If Germany switches sides
How much would German
foreign policy change if conservatives lead the government?
By Paola Álvarez
Services of Agencia de Información Solidaria (AIS)
The future of
Germany looms uncertain. In the wake of the unexpected results of the general
elections of Sept. 18, the government's options are increasingly fewer and it
seems that the big coalition of CDU conservatives and SPD democrats has every
chance to win.*
Whether such a
government can (or cannot) solve the problems of a country mired in its own
system and overwhelmed by
exigencies remains to be seen. But that's not all.
The outcome of the
elections in Germany
affects more than just that nation's citizens. The future of
and the international alliances will be different, depending on which political
force assumes power or who grasps greater leadership within the much-debated
CDU leader Angela Merkel
has made it clear that she intends to enact her program as far as possible. In
foreign possible, that translates into a rapprochement with the United States, a
distancing from Russia, an opposition to Turkey's admission to the European
Union and a strengthening of the German-British axis, to the detriment of the
French-German unity as an engine for Europe.
It would mean a change
in position on all fronts, with whatever consequences that might bring,
particularly involving Germany's relations with its American friends.
When it comes to the
Two examples from the electoral campaign illustrate perfectly the relationship
the conservatives want to maintain with the U.S. The first involved Katrina.
Washington's unfortunate handling of the aftermath of the terrible hurricane
that struck New Orleans some weeks ago has been acknowledged even by President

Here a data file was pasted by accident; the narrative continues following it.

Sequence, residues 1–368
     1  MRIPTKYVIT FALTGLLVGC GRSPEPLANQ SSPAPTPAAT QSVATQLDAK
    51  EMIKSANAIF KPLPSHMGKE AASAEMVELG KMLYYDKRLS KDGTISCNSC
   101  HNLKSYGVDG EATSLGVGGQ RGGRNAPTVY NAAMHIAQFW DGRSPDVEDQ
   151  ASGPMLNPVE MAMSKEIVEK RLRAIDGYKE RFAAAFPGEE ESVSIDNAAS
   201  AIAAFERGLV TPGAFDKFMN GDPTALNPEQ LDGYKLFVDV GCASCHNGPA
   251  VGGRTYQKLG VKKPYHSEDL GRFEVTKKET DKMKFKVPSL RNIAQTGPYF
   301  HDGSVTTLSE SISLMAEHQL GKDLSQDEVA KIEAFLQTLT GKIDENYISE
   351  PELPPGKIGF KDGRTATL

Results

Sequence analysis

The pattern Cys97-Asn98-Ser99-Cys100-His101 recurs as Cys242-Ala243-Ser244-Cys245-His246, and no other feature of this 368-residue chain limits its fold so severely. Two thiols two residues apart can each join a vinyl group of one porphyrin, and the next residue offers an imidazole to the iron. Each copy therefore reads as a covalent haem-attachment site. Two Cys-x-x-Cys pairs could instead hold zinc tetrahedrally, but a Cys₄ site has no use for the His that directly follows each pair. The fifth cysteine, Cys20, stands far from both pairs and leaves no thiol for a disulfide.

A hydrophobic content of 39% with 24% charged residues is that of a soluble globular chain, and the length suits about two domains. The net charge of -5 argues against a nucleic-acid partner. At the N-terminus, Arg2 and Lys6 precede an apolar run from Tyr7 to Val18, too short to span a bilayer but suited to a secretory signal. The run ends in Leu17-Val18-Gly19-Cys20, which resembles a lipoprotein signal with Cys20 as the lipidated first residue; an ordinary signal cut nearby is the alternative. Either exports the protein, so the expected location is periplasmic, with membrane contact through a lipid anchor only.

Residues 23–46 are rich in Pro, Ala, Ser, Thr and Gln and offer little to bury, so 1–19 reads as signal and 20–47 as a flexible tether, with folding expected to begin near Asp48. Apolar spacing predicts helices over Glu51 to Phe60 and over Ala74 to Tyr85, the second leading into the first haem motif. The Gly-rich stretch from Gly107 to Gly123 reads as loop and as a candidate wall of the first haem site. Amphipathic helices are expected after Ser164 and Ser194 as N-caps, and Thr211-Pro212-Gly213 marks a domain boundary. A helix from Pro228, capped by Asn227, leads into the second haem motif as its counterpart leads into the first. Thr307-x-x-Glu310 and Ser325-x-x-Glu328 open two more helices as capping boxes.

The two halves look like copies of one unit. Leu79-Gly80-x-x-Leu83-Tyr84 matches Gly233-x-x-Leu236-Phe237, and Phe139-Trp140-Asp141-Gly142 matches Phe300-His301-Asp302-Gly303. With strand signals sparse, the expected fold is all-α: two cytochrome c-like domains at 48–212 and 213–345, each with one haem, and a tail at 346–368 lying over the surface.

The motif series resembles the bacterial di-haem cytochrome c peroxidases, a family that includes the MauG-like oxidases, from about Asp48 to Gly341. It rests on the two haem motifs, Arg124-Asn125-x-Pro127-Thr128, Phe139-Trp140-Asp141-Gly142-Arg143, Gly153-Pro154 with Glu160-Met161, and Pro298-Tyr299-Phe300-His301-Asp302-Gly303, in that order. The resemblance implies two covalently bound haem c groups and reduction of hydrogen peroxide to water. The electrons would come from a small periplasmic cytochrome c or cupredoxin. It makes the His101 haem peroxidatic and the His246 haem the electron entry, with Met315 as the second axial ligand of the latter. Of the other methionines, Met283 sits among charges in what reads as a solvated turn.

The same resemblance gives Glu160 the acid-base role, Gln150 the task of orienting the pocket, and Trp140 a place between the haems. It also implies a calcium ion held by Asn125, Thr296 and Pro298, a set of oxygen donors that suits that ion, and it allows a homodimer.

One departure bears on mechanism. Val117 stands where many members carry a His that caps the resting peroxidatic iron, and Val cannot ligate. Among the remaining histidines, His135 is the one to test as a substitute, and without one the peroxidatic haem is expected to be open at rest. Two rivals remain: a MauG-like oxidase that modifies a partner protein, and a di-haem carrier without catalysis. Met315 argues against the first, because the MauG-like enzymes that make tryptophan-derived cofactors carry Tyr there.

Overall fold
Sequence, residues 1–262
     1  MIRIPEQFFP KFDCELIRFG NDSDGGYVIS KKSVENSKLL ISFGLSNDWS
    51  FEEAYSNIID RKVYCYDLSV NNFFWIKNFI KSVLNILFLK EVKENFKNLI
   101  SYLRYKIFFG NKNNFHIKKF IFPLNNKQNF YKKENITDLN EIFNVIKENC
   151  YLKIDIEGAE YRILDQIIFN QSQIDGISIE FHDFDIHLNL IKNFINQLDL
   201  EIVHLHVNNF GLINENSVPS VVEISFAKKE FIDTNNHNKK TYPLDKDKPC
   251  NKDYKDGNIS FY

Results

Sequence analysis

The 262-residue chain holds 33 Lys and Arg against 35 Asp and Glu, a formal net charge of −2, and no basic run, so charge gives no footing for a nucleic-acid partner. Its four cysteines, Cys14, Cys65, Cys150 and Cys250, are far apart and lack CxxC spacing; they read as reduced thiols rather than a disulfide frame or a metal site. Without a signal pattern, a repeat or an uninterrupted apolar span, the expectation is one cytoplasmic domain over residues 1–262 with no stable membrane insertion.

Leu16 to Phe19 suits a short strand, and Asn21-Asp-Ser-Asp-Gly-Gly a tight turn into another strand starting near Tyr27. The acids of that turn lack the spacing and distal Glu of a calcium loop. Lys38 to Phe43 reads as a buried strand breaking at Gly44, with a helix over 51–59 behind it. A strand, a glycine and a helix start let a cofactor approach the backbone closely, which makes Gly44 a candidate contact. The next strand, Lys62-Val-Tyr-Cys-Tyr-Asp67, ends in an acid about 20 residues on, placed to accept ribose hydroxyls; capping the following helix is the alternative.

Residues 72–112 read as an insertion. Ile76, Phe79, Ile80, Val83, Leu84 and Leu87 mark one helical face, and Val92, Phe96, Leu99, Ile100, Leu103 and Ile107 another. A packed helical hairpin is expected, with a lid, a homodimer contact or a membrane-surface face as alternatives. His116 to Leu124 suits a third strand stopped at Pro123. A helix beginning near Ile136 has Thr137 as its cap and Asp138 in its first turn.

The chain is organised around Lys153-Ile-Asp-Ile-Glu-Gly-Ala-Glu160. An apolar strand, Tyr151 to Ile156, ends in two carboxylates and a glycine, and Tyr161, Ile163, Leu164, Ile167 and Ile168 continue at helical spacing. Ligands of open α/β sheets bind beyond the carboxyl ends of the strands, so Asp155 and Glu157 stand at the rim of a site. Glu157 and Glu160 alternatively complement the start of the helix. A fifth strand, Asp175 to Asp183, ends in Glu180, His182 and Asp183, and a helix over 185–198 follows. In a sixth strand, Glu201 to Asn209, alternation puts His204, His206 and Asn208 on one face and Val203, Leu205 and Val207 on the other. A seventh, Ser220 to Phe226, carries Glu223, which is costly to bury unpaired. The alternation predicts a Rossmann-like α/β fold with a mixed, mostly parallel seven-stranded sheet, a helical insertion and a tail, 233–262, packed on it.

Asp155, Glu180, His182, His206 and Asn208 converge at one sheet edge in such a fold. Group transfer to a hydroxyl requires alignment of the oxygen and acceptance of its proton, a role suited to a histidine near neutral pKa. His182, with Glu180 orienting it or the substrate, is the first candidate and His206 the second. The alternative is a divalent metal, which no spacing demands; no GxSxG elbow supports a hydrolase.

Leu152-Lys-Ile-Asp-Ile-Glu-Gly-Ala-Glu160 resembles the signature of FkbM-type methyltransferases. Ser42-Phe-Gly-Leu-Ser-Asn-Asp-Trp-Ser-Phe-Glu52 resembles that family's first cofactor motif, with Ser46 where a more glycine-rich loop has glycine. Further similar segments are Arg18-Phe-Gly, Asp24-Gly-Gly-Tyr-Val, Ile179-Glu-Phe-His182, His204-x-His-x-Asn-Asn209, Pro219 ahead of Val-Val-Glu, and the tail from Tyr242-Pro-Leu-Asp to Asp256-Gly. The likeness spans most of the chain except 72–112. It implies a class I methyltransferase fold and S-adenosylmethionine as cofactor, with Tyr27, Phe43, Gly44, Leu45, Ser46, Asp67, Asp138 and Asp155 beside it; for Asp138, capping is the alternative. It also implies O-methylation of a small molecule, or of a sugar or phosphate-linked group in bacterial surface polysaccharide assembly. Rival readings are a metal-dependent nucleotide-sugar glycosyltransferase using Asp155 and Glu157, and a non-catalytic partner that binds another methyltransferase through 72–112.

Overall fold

However, when in a
televised debate between Merkel and social-democratic Chancellor Gerhard
Schröder both were asked to opine about the U.S. administration's performance,
Merkel did not dare to respond.
To the surprise of
moderators and audience, the Christian Democrat reprised a discussion about her
social reforms and avoided the question. Schröder then reproached her silence
and asked her if that would be the line followed by a German government under
her command. Merkel remained silent.
The second example
occurred during the informal gathering of NATO defense ministers held in Berlin,
Sept. 12-14. The principal topic of the meeting was the U.S. proposal to merge
ISAF [International Security Assistance Force], NATO's peace mission in
Afghanistan, with Lasting Freedom, Bush's crusade against Islamic terrorism in
German Defense Minister
Peter Struck opposed that idea strongly. France, Spain and other countries
joined him. German conservatives assailed Struck's position and made it clear
that they would correct it as soon as they gained power.
There is no need to
explain what Germany's
weight would bring to such a decision, alongside Britain and the U.S. Nor is
there any need to explain the senselessness of NATO taking responsibility for
the United States' antiterrorist campaigns.
The social-democrats have not hesitated to utilize the German people's "anti-Americanism"